Childhood asthma and current wheeze may be associated with different risk factors than bronchial hyperresponsivenes (BHR), according to a new study. Researchers at the David Hide Asthma & Allergy Research Centre, St. Mary's Hospital, Newport, Isle of Wight, UK, compared multiple environmental and genetic factors affecting children at 1, 2, 4, and 10 years of age and whether the children had asthma, wheeze, or BHR when they were 10 years old. Data collected from 1,373 of the original 1,456 children at age 10 showed that 18.9% had current wheeze and 13.0% had asthma, and BHR was found in 169 of the 784 (21,6%) tested. Analysis indicated that both wheeze and asthma share many common significant risk factors, including a genetic link to asthma, a predisposition for being atopic, early exposure to tobacco smoke, and recurrent chest infections in infancy. The only differing risk factor of significance was that males were more likely to have asthma. In sharp contrast, having a higher social class at birth and atopic sensitization at 4 years were found to be the significant risk factors for BHR. These findings suggest that BHR is influenced by mediators that differ from those of asthma and wheezing. The study appears in the February issue of CHEST, the peer-reviewed journal of the American College of Chest Physicians.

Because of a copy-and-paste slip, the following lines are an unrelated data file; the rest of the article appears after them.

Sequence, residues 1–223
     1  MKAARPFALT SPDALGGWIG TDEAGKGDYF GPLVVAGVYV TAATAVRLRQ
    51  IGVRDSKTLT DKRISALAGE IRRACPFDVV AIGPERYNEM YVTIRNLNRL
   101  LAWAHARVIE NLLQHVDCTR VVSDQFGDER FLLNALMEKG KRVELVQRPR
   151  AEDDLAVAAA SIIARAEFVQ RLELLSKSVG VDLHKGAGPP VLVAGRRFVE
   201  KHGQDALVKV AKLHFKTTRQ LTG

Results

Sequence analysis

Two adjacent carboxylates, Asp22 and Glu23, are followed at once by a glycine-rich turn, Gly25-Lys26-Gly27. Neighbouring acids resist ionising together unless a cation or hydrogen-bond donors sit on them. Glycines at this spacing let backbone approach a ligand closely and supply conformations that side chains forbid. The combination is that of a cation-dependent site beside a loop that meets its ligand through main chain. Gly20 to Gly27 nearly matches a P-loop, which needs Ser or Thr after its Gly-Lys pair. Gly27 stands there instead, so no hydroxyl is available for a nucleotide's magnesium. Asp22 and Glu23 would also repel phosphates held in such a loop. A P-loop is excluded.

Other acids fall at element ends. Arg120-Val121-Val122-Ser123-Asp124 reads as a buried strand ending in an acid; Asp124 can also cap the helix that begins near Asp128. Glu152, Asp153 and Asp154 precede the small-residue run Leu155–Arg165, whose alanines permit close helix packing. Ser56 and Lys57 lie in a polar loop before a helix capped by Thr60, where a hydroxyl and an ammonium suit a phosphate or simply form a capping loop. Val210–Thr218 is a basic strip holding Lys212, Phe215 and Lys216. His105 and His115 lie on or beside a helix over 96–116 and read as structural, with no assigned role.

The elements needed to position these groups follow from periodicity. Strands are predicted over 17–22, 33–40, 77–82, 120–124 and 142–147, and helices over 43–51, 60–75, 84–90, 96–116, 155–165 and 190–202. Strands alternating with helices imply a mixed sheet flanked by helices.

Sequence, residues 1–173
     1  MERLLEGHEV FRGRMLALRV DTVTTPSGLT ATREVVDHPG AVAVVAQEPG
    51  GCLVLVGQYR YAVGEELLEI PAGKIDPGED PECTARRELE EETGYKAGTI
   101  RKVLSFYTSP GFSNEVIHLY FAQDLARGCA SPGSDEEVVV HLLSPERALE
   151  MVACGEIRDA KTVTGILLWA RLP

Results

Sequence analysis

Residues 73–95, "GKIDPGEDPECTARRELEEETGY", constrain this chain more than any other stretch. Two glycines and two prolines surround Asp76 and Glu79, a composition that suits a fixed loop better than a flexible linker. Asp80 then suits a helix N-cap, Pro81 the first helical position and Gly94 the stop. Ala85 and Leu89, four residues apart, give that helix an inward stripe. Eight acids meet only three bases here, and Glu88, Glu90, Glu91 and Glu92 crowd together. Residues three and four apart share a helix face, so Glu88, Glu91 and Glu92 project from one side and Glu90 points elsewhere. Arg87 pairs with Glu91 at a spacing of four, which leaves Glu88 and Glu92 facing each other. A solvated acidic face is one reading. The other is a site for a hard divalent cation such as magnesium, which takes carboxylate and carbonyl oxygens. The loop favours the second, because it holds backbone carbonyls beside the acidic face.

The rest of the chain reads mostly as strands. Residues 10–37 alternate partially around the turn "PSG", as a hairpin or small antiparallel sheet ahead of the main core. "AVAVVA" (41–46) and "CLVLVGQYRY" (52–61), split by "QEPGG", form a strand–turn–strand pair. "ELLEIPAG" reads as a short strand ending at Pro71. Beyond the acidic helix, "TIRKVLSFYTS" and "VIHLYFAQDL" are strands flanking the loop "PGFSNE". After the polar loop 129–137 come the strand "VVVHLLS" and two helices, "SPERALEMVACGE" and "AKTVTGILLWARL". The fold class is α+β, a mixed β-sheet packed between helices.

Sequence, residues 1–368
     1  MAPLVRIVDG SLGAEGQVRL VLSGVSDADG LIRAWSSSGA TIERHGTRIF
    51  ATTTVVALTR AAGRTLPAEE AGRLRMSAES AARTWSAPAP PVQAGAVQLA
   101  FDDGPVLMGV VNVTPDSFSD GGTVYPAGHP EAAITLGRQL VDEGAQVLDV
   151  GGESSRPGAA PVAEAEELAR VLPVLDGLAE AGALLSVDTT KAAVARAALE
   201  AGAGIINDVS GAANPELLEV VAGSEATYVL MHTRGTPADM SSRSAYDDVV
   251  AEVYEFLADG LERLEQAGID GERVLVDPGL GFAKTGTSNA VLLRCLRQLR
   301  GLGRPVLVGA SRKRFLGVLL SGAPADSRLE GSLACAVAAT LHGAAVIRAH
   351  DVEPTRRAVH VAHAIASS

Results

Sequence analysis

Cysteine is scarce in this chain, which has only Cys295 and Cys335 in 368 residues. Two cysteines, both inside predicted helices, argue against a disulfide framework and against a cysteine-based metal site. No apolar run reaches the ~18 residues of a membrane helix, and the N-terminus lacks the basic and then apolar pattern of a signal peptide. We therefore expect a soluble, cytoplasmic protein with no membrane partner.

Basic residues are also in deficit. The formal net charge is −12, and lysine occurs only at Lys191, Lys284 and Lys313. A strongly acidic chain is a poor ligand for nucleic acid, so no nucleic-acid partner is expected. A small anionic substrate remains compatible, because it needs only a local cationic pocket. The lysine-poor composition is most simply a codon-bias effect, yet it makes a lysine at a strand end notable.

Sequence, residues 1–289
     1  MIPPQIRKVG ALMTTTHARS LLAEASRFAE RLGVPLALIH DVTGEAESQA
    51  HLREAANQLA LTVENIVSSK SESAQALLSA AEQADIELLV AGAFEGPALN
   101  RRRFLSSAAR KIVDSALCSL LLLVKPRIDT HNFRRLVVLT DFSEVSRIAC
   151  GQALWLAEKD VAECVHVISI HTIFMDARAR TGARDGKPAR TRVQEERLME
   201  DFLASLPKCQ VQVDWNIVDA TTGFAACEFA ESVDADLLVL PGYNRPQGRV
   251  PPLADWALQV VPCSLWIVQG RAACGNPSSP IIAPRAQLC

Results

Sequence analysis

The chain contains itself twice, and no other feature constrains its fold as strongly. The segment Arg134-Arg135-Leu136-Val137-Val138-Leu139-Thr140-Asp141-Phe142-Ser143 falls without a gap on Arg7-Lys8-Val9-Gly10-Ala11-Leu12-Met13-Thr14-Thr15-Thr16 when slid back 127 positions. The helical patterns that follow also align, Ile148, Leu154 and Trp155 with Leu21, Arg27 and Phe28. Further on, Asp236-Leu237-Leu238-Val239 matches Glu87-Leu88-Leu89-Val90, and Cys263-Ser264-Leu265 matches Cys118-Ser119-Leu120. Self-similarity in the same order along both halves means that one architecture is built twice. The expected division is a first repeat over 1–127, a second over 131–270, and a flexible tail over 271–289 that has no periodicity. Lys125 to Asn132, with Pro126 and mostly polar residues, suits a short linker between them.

Cigarette Smoking and Reduced Lung Function Increases Systemic Inflammation
Low-grade systemic inflammation is associated with health complications, such as cachexia (loss of weight, muscle, and appetite associated with a chronic disease) and cardiovascular mortality and morbidity, and a new study shows that active cigarette smoking and poor lung fuction heighten systemic inflammation, both separately and when combined. Researchers at the University of British Columbia, Vancouver, BC, Canada, administered pulmonary function tes
Contact: Arielle Green
American College of Chest Physicians